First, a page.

Pseudo Arabia

Washington City Paper | December 9, 2005
The world is flat, claims one well-known advocate of American imperial power, and Syriana’s first transition seems to agree: An Islamic chant plays over the Warner Bros. emblem, only to switch to hiphop when the logo yields to an establishing shot of Tehran. The city, the world capital of MDMA, boasts a young man scoring an illicit commodity from a rumpled, bearded, Farsi-speaking American. The latter is no drug dealer, though. He’s CIA Agent Bob Barnes (George Clooney), peddling some sort of missile to somebody expected to advance American interests somewhere between the Mediterranean and the Caspian. Barnes walks away, a car explodes, and the action switches to Georgetown. This world is not flat, it turns out, but a tangle of competing interests that all run through the Middle East.

Or maybe it’s merely the movie that’s a tangle. Written and directed by Stephen Gaghan, who scripted Steven Soderbergh’s structurally kindred Traffic, the intriguing but finally unsatisfying Syriana is the latest product of the Clooney-Soderbergh salutary-cinema factory. Whereas the Clooney-directed Good Night, and Good Luck. was a period film that worked in miniature, the Clooney-produced Syriana is a contemporary global epic whose unified-oil-field theory encompasses CIA malfeasance, Islamic terrorism, Gulf State despotism, and the corporate-political influence market that another Clooney-Soderbergh project dubbed K Street.

Gaghan doesn’t seek to explain all this. The script, “suggested” by See No Evil: The True Story of a Ground Soldier in the CIA’s War on Terrorism, a book by former Company man Robert Baer (whose name probably inspired Bob Barnes’), omits some basic points, including the meaning of the film’s title. (It’s a policy insider’s term for a revamped Middle East.) In a season whose upcoming Big Movies—Munich, Brokeback Mountain, and even King Kong—all push toward three hours, Gaghan has held his to two, reportedly at the cost of an entire subplot. But he may have clipped the wrong scenes: While leaving some of the central plot dangling, he retains a father–son motif that’s less than integral.

For two of the characters, at least, the generational link is crucial. Nasir Al-Subaai (Alexander Siddig) is the prince of an unidentified country—let’s call it Pseudo Arabia—who must contend with his brother for the chance to succeed his father. And Geneva-based American energy-biz analyst Bryan Woodman (Matt Damon) is offered a shot at advising Prince Nasir after a horrible incident: Woodman’s young son dies at the prince’s father’s estate in Spain. But Barnes’ strained relationship with his teenage son (Max Minghella, as miffed as in Bee Season) isn’t essential, and neither are the ones between impatient Pakistani petro-grunt Wasim (Mazhar Munir) and his complacent father, and Washington corporate lawyer Bennett Holiday (Jeffrey Wright) and his alcoholic pop. (The last seems to exist just so Gaghan can use shots of funky Shaw to contrast with the opulence of the oil-baron lifestyle.)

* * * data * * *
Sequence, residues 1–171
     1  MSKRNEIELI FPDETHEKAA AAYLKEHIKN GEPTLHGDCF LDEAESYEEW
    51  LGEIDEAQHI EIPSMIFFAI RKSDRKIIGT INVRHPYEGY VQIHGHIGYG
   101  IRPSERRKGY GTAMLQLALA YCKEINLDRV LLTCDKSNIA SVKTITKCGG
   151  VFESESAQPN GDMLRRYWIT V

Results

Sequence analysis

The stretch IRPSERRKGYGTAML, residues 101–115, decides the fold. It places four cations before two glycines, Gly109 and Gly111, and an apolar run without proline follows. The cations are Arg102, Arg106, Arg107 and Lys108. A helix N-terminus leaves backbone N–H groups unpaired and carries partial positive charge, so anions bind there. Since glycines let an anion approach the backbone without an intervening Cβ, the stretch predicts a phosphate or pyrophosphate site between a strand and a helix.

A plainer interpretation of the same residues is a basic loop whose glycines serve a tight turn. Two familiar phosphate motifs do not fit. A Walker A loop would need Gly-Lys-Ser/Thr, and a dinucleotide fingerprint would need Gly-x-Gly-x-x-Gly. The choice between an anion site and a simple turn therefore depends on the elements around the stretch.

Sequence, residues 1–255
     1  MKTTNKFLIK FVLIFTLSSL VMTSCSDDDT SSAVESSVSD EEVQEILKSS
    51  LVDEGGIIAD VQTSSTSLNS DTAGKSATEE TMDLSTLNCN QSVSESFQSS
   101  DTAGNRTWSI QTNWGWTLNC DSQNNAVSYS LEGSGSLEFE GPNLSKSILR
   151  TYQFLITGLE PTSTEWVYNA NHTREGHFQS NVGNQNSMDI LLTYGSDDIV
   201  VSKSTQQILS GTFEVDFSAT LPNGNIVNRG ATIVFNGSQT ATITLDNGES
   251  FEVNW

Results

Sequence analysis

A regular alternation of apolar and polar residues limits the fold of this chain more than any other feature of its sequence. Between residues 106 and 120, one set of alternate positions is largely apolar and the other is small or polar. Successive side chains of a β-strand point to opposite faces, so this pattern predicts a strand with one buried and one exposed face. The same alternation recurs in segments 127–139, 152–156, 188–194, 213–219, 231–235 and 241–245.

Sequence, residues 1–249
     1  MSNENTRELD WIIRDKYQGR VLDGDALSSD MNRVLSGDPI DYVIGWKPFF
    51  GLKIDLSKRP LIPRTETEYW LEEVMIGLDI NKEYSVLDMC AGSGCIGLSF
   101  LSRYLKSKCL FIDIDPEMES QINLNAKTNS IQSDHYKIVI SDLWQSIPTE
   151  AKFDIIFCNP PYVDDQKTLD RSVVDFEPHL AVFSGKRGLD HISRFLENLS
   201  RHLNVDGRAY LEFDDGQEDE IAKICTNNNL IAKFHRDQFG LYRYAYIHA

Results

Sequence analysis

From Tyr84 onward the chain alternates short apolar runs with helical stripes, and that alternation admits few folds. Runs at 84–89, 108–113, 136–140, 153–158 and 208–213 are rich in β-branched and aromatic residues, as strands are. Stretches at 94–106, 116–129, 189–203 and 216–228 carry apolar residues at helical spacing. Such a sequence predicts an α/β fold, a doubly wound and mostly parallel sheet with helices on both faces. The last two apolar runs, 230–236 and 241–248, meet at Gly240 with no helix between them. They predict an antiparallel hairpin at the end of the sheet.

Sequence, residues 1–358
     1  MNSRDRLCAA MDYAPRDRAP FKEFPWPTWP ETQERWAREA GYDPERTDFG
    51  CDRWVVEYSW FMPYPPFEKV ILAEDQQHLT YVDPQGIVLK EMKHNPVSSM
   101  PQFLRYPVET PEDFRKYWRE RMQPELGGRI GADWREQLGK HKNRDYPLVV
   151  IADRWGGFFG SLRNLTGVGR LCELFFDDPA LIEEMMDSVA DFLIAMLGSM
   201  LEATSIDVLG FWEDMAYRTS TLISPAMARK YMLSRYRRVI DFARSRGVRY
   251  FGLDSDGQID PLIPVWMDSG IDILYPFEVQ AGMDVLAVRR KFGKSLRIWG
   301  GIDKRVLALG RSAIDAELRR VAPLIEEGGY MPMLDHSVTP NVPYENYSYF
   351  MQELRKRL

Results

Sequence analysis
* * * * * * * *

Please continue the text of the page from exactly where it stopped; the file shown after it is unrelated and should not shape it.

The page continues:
Prince Nasir is a reformer who accepts Woodman’s argument that Pseudo Arabia must build an economy that will outlast its petroleum reserves. Barnes is a principled troublemaker who doesn’t like being used to advance American corporate interests. All three are in the path of a Texas oil merger that involves two executives (Chris Cooper and Tim Blake Nelson) who preach the gospels according to Milton Friedman and Ayn Rand—not to mention Holiday and his law-firm bosses’ (Christopher Plummer and Nicky Henson) trying to determine just how many miscreants they must surrender to the Department of Justice before the deal will be approved. Meanwhile, the U.S. government encourages plans for a coup in Iran, the Chinese maneuver for control of Pseudo Arabia’s oil, and Wasim is drawn to an Islamic school, where he’s picked for a suicide mission. Oh, and Woodman’s wife (Amanda Peet) leaves Geneva, probably disgruntled at what a small part she has.

Syriana will surely be criticized for its politics, but its most hapless feature is its drama. Like Clooney, Gaghan is a graduate of the Soderbergh School of Directing, and his editing, framing, and camera movements constitute a polished demonstration of the contemporary crypto-documentary style. The characterization, however, is considerably less crisp: It’s impossible to tell whether Barnes’, Woodman’s, and Holiday’s mutability is a moral judgment or just directorial weakness. Most of the characters click into focus only to deliver a single speech—which tends to reduce the movie to a powerful trailer that tells us almost as much as the whole thing.

But then again, why watch the whole thing? For a film that purports to a radical critique of contemporary geopolitics, Syriana doesn’t provide any big surprises. It’s a firecracker that detonates years after most Americans have decided they can’t trust Arab princes, K Street lawyers, or Texas oil moguls.

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